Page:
Perspectives from Bologna on the future directions of aortic surgery

Perspectives from Bologna on the future directions of aortic surgery

The 10th Postgraduate Course on ‘Surgery of the Thoracic Aorta’ in Bologna in 2019 brought together renowned international leaders in the field of aortovascular and cardiac surgery, facilitating the exchange of expert opinions and the continuation of stimulating debate over some of modern surgery’s most high-stakes and challenging procedures. The Series published following the Course comprises a wide range of topics, representing the areas of aortovascular surgery subject to the most debate, such as congenital aortic surgery, arch and thoracoabdominal dissection repair, and endovascular versus open abdominal aortic repair.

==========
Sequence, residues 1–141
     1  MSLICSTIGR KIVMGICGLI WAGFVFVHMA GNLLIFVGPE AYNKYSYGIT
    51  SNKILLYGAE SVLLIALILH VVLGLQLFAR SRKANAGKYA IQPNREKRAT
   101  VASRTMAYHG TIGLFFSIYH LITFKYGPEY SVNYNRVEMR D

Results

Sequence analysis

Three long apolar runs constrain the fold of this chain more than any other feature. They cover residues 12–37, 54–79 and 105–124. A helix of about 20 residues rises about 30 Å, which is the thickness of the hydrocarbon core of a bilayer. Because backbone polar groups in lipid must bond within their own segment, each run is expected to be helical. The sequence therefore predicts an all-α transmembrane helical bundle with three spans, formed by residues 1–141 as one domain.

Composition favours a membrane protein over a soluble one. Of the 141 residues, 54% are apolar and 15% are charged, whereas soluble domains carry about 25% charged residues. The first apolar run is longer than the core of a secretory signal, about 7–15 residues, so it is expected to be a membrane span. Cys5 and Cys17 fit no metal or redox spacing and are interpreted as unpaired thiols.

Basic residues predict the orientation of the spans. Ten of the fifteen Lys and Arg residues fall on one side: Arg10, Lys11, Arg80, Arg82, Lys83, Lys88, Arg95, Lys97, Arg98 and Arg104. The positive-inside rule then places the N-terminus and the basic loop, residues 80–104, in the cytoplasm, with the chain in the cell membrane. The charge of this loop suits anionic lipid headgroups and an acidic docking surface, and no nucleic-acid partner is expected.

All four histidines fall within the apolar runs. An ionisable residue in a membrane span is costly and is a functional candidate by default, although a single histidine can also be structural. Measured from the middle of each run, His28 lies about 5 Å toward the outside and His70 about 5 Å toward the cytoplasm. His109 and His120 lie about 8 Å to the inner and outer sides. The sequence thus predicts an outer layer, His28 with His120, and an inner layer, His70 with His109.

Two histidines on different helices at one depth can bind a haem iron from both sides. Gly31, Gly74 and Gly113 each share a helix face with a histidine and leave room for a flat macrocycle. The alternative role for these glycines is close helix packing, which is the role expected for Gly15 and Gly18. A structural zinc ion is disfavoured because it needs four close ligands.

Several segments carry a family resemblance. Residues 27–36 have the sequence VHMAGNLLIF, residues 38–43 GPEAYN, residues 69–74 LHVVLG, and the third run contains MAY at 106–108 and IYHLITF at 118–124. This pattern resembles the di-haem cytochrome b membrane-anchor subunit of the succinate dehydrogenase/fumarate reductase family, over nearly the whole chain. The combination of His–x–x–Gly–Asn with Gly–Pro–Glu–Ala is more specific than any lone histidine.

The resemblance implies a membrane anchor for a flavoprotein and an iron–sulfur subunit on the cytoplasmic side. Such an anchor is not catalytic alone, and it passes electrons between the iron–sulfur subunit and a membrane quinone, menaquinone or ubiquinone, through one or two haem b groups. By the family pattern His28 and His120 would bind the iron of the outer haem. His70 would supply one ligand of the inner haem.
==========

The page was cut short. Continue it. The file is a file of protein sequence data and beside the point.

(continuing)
In their comprehensive and detailed review of the management of adults with aortic coarctation, Velayudhan et al. outlined and evaluated the gold-standard approaches for surgical repair of what continues to be a formidable entity to manage effectively (1). Coarctation of the aorta accounts for 5–8% of all congenital heart defects and is associated with a mean life expectance of 35 years if left untreated (2). Currently, open surgical and endovascular repair are the most commonly-taken routes to repair. Open resection of the lesion with subsequent end-to-end anastomosis, introduced in 1945 by Crafoord and Nylin, is a viable approach for paediatric cases however is a suboptimal strategy for repair of aortic coarctation in adults as a result of reduced aortic elasticity and extensive collateralisation (3). The subclavian flap repair technique, though more promising in older children, is similarly not as effective in adults owing to the high risk of claudication of the arm in the long term. Prosthetic interposition tube grafting, therefore, is the preferred approach for the repair of aortic coarctation in adults (1). The use of a vascular graft to bypass the lesion with end-to-end or side-to-side anastomosis is favoured in adults as it relies on aortic dimensions remaining more or less constant following implantation. therefore, it is unsuitable for children due to the risk of outgrowth. Velayudhan et al. also outline a hybrid approach to repair of aortic coarctation: percutaneous transaortic stenting, combined with open repair of intracardiac pathologies if needed, is reported to be associated with reduced trauma and relatively rapid recovery (1). It is worth highlighting that without national or international guidelines, patient-specific treatment plans are required—Velayudhan et al. emphasise a need for prospective randomised studies to identify the optimal strategy for the surgical management of adults with aortic coarctation.